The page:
Friday, May 28, 2010

Invasive Mussel Found in Utah

The Utah Department of Natural Resources found an extremely invasive mussel under a dock at Utah's Sand Hallow Reservoir. State officials want the public to know that this is bad news, is very serious and the public needs to help take action to keep contamination from spreading. Mussels are ecosystem killers because they clog dams and waterways, cut people's feet when they attach to rocks and kill fish by sucking up nutrients. To read more and/or to watch a video on the invasive mussels found in Utah, click here.

Thursday, May 27, 2010

Biocontrol Released for Water Hyacinth

Water Hyacinth is an invasive, free floating, aquatic plant that is problematic in the southeastern United States. Native to South America, the plant affects water traffic, water quality, water use, biodiversity and infrastructure for pumping and hydroelectric operations. Water Hyacinth also lowers oxygen levels which kill fish and increases populations of vectors of human and animal disease. Scientists have released an insect called Megamelus scutellaris to help control the water hyacinth. These insects feed on the sap of water hyacinth and their population increases rapidly, which will enable them to quickly impact the invasive population. Click here to read more on biocontrol of water hyacinth.

Wednesday, May 26, 2010

Lowndes High Student Invented Way to Kill Kudzu

Jacob Schindler, a sixteen year old at Lowndes County High School, may have the key to breaking kudzu's long hold on Southern terrain. The junior uses helium to eradicate kudzu with a device he designed that allows him to drill into the ground with a small tank of helium and evenly distribute it to the kudzu. All of this happens without harming other plants. What started out as a science fair project when we was only in sixth grade, may have turned into an entrepreneurial endeavor that could change agriculture (and his life) forever. Click here to read more on the teen who can kill kudzu.

Tuesday, May 25, 2010

First Bioblitz in Seattle

Seattle's first bioblitz kicked off on Friday along the trails of Washington Park Arboretum. A bioblitz is an intense, 24 hour effort to identify as many species in an area as possible. Botanists stayed up all night identifying flora, insects, fauna, bats, spiders, eagles, salamanders, stinging ants and the list goes on. Nearly 400 species were identified on GPS devices which will become a part of the NatureMapping Program. This program attempts to chart biodiversity in the states. Click here to read more on the bioblitz.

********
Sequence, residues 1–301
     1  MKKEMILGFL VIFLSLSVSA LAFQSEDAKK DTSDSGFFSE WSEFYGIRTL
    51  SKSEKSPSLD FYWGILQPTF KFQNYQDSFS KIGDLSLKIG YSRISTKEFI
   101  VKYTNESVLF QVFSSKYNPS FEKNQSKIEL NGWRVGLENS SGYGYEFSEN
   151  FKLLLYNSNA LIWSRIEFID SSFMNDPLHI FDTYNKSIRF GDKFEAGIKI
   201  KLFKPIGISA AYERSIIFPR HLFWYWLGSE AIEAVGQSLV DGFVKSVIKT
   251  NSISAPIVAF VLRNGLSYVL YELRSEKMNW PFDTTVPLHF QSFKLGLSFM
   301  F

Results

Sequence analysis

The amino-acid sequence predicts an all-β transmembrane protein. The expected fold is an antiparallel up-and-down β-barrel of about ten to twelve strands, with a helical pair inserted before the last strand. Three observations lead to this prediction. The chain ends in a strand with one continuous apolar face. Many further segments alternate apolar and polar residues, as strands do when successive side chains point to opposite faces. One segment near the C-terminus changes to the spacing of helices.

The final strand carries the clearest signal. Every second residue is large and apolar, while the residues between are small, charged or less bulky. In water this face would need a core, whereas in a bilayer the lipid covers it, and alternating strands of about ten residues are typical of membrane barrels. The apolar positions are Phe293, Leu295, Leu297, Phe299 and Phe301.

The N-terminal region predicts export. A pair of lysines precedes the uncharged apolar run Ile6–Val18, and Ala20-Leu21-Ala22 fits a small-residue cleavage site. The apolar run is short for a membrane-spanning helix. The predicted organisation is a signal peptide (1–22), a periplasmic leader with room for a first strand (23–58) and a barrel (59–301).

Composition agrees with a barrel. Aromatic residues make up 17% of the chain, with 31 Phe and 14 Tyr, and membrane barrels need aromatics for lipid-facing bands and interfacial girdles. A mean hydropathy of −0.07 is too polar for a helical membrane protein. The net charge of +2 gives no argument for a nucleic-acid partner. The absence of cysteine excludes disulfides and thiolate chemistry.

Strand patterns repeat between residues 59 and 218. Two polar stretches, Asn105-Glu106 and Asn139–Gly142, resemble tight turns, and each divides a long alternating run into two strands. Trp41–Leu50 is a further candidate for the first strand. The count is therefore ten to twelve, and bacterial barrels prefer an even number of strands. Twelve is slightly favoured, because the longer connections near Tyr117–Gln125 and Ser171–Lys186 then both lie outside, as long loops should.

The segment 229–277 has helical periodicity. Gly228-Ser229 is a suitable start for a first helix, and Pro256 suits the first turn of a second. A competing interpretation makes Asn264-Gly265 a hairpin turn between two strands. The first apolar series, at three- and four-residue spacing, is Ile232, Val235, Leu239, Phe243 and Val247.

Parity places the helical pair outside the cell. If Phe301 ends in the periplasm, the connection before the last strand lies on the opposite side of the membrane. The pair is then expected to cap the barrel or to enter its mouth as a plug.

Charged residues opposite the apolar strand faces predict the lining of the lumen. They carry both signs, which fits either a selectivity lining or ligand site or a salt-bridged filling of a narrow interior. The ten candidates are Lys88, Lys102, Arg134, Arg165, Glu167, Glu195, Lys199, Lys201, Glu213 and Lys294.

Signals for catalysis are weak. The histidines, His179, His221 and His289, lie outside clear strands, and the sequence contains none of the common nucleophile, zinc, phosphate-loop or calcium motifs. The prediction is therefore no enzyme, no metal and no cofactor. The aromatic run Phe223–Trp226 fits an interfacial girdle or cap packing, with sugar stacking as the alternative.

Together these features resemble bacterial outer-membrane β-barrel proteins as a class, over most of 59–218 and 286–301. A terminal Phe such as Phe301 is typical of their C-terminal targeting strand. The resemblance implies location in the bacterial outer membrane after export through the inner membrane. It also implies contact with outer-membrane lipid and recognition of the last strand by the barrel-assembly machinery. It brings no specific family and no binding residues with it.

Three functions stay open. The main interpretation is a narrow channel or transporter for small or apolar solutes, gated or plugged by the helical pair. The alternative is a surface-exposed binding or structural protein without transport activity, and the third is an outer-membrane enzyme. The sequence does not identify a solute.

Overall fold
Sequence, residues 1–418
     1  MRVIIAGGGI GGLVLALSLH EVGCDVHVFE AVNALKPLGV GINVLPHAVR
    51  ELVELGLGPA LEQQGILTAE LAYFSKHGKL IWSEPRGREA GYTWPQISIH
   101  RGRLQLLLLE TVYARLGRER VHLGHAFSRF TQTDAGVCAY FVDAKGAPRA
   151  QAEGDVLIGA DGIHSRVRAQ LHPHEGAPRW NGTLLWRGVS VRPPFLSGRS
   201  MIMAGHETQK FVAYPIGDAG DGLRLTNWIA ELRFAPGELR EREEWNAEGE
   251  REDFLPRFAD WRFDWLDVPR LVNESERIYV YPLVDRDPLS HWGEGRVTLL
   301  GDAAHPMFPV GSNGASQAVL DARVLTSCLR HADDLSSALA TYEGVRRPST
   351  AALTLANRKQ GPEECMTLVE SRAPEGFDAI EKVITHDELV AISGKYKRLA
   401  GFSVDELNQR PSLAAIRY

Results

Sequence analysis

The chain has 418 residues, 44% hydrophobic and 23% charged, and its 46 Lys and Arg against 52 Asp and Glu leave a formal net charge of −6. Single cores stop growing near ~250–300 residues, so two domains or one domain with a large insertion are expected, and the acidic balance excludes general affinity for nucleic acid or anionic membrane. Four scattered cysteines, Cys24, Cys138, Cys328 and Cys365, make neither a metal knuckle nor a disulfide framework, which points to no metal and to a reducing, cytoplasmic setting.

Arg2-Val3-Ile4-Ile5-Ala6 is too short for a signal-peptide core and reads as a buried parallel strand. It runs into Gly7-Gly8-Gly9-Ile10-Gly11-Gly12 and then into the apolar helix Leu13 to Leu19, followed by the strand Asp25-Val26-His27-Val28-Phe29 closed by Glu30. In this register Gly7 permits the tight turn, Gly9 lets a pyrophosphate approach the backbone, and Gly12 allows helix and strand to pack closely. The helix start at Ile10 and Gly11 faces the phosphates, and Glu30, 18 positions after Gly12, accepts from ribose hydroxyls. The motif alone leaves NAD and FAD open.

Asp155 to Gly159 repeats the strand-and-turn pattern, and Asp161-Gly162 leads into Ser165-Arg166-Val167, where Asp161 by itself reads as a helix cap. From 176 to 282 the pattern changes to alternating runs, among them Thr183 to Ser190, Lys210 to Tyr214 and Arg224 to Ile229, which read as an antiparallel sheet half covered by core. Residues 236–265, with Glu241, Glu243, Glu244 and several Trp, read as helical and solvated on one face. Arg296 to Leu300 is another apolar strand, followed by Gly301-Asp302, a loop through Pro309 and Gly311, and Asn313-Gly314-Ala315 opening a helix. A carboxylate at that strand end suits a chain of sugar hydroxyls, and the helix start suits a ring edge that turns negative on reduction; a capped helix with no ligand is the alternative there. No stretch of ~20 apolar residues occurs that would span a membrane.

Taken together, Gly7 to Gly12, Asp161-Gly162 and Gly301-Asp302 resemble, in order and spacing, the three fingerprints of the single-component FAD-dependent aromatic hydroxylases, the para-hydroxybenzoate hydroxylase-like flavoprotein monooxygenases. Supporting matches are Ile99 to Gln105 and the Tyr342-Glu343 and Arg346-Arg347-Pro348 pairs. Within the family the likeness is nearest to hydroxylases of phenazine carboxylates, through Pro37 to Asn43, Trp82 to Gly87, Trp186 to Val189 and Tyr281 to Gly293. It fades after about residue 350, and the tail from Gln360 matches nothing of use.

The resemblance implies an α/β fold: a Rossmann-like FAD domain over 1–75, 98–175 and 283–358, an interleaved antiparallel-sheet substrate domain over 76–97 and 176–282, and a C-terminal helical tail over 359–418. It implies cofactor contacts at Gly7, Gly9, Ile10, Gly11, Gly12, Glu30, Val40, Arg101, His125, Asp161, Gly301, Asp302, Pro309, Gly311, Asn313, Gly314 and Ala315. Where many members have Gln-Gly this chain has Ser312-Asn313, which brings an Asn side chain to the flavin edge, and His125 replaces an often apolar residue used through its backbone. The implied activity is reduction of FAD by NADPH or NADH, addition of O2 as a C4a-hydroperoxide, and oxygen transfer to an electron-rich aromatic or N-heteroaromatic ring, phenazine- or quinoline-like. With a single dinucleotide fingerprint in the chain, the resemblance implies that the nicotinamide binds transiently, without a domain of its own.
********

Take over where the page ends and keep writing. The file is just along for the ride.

Monday, May 24, 2010

PDF on Kudzu Invasion

Attached is a more thorough article on the new study of kudzu that was posted on Friday. Click here to read more.

Friday, May 21, 2010

Kudzu Poisons Our Air

Kudzu has taken over 7 million acres of land in the United States. With this huge number, scientists thought it was time to take a closer look. They found out that kudzu not only invades landscapes, but might also increase ozone pollution by more than one third in the future. What exactly does this mean? Kudzu grabs nitrogen from the air and puts it in the soil. Microbes then convert the nitrogen into nitrous oxide, which is one of the pollutants that comes from automobile exhaust. The gas escapes from the soil and into the air and undergoes reactions that lead to the creation of ozone. This could lead to more summer days with the ozone in excess of EPA standards. Click here to read more about kudzu poisoning our air.

Thursday, May 20, 2010

Emerald Ash Borer continues its march into Pennsylvania

Emerald Ash Borer has continued its spread into Pennsylvania and has now been detected in Bedford County.  This pest has been devastating the native ash trees as it has spread from the orignial introduction in Michigan.  The Pennsylvania Department of Agriculture is again urging campers not to move firewood since it is the primary way that this pest is spread.  See the PA Department of Agriculture website for the full news release.

New Species Found in Indonesia's Foja Mountains

A team of scientists discovered in only a few short weeks at least a dozen new reptiles, mammals, insects, birds and amphibians in the rain forests on the island of New Guinea. Some of the new species include an imperial pigeon, a Pinocchio-like frog and the world's smallest wallaby. Many of these new animals were found in the mountain tops of the Foja mountains, whose inaccessibility has allowed species to evolve in isolation (hense the nickname: The Lost World). To read more about the new discovery, click here.

Wednesday, May 19, 2010

Invasive Species Discovered Along Oregon's Coast

An invasive species called Didemnum vexillum has been discovered along Oregon's coast. The jelly like organism can smother docks, shellfish beds, coat boat hulls, and water intakes. Native to Japan, the colonial tunicate is on the list of 100 worst invasive species to keep out of Oregon. Oregon scientists have an eradication effort planned for this summer which they hope will be successful. Click here to read more.

Tuesday, May 18, 2010

Spring Best Time to Identify Cogongrass

The University of Georgia's Center for Invasive Species and Ecosystem Health was recently in Southeast Farm Press. Dr. Moorhead, co-director of the Center, wrote an article on identifying cogongrass. To read and learn more on cogongrass and the Center, click here.